This week marked what is known as the “crossover” deadline, in which bills passed by either the full House or Senate must be sent to the opposite chamber for a vote in order to be considered for final passage. For instance, if a bill that originated in the House earlier this year had not received a final up or down vote in that chamber by April 10th, the “crossover” deadline, the bill would be effectively dead because the House missed the deadline to send the bill to the Senate. However, if 2/3rds of those present and voting in the Senate agreed to waive the rule, a House bill passed after “crossover” could be placed on the calendar for consideration. As of Thursday’s adjournment, there are only 12 legislative days left for each chamber to pass final versions of bills and send them to the governor to be signed into law.
The “crossover” rule was put in place so one chamber is unable to force law on another chamber at the last minute with a lack of time to review its consequences. The legislative branch was designed to be a deliberative institution with both chambers having the opportunity to fully evaluate how a proposed law would affect citizens. Without the “crossover” deadline, impactful legislation would be jammed through the House and Senate during the final few weeks of the legislative session without the much-needed analysis and debate required for good law.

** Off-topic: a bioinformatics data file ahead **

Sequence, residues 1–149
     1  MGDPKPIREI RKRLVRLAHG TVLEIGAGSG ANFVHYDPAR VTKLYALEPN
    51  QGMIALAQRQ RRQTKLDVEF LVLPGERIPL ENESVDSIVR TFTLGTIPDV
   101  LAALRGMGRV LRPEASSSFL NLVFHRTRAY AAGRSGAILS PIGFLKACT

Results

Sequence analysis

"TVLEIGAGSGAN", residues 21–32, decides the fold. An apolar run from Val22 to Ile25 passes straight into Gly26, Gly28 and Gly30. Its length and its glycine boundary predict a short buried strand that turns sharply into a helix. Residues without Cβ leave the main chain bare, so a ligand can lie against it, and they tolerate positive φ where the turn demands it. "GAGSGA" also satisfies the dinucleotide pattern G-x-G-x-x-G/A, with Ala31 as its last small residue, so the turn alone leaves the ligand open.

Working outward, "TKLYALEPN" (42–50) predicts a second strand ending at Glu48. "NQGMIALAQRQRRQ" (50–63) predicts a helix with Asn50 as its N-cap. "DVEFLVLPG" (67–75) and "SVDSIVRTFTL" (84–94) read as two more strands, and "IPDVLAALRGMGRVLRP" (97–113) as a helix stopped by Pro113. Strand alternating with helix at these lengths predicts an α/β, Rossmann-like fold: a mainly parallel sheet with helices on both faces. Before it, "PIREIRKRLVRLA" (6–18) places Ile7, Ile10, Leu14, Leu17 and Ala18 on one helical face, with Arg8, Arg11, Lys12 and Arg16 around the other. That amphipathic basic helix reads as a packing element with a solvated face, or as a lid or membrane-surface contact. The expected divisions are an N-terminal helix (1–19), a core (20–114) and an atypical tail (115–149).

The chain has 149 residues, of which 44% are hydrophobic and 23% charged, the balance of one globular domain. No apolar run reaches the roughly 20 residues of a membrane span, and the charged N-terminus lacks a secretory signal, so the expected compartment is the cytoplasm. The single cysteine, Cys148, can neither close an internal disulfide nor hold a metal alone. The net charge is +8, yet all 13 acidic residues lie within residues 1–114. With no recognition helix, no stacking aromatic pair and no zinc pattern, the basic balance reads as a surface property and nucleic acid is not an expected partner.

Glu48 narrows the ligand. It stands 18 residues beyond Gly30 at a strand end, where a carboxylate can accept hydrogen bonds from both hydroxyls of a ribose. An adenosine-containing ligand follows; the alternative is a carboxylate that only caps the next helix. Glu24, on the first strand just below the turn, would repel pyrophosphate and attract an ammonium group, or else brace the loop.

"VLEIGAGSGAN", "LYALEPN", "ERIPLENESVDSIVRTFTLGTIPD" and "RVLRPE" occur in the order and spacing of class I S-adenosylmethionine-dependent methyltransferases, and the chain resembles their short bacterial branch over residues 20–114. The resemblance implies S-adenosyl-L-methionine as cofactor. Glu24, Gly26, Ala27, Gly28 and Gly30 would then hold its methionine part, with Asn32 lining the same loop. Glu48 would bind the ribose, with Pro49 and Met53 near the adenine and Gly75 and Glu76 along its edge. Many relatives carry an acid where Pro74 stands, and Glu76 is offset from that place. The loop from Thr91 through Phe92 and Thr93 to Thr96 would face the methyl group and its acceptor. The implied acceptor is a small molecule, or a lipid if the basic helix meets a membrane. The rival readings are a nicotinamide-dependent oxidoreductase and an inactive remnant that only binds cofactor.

As of Friday, April 13th, there are 60 days until primary Election Day. Republicans are assured to pick up the seat held by Democrat Mike Anthony (District 42-Union), who is retiring at the end of his current term, since no Democrat filed to run for the seat.
I am a member of the House Republican Caucus. As always, thank you for the privilege of serving you in Columbia. If I can ever be of assistance to you, or if you have ideas on issues you want me to share with the rest of the General Assembly, please don’t hesitate to contact me at 864 918-4859.